R.J. Stayton-Smith, 75, voted for the first time on Tuesday. He and his younger brother, Randall, sport a total of two canes, one prosthetic leg and two good knees between them — but their determination to cast their ballots was enough to get them up a flight of stairs and to the polls.
“Whatever it took,” R.J. said. “It’s just so important.”
They were surprised how easy it was.
“I thought it was going to be much more difficult,” he admitted.
Ohio election officials hope to make the 2020 election more accessible to people with disabilities, like the Stayton-Smith brothers, than any before it.
Some voters with severe disabilities can request digital ballots, print them and then drop them off at a secure site; others can vote curbside rather than walking into their polling place.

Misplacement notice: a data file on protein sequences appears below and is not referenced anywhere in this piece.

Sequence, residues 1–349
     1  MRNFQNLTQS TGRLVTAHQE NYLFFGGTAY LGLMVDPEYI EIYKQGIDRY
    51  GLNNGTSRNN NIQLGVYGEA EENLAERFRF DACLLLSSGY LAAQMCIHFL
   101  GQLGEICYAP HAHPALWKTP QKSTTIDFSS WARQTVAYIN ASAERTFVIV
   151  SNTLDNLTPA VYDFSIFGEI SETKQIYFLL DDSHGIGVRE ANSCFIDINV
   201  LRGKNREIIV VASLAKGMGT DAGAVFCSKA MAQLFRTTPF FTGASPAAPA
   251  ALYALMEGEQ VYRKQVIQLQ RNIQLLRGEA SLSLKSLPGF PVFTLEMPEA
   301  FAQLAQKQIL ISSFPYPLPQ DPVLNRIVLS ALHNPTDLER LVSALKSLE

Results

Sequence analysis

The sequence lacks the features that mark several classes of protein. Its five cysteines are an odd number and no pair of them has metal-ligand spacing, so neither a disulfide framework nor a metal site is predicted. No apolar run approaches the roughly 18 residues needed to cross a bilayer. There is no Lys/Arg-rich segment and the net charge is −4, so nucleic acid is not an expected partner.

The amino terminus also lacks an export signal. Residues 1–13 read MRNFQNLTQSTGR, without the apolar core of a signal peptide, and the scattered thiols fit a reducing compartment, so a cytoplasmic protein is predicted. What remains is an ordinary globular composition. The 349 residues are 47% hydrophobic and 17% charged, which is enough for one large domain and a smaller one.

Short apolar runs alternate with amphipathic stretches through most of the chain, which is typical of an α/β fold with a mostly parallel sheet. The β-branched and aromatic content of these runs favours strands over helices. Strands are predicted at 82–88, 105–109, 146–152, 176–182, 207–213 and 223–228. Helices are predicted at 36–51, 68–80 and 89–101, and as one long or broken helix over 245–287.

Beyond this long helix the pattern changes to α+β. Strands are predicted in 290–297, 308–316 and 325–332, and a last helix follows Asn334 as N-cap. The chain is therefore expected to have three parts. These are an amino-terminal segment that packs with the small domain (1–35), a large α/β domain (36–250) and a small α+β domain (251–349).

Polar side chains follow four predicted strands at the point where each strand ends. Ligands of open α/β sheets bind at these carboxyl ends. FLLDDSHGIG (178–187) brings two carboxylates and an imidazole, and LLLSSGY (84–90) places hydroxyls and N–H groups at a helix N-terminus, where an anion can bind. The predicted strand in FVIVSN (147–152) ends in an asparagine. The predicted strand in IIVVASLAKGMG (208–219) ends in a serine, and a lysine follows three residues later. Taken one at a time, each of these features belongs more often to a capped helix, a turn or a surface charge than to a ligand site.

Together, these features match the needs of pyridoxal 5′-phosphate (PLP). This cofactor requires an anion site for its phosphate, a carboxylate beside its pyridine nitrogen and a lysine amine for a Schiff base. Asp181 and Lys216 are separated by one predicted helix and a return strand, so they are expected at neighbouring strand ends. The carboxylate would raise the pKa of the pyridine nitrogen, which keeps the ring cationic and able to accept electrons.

Butler County elections director Diana Noonan said some voters with disabilities may spend some time waiting for election workers to facilitate curbside voting, so expecting a short delay is reasonable.
“By the time we go in, get somebody and find two people to come out (and) vote them, it can be up to 20 minutes,” she said.
Reserved parking and designated voting booths with large font and ballot-reading machines are also present in every precinct.
“It was easy for me because I went with my wife, Toni, and she filled out the ballot for me,” said Michael Lichstein, a voter who is blind.
People with disabilities that might interfere with their ability to read or fill out a ballot can bring a helper with them, as Lichstein did, or ask an election worker for help.
Ohio Secretary of State Frank LaRose, who oversees elections, has posted more information for voters with disabilities on his website.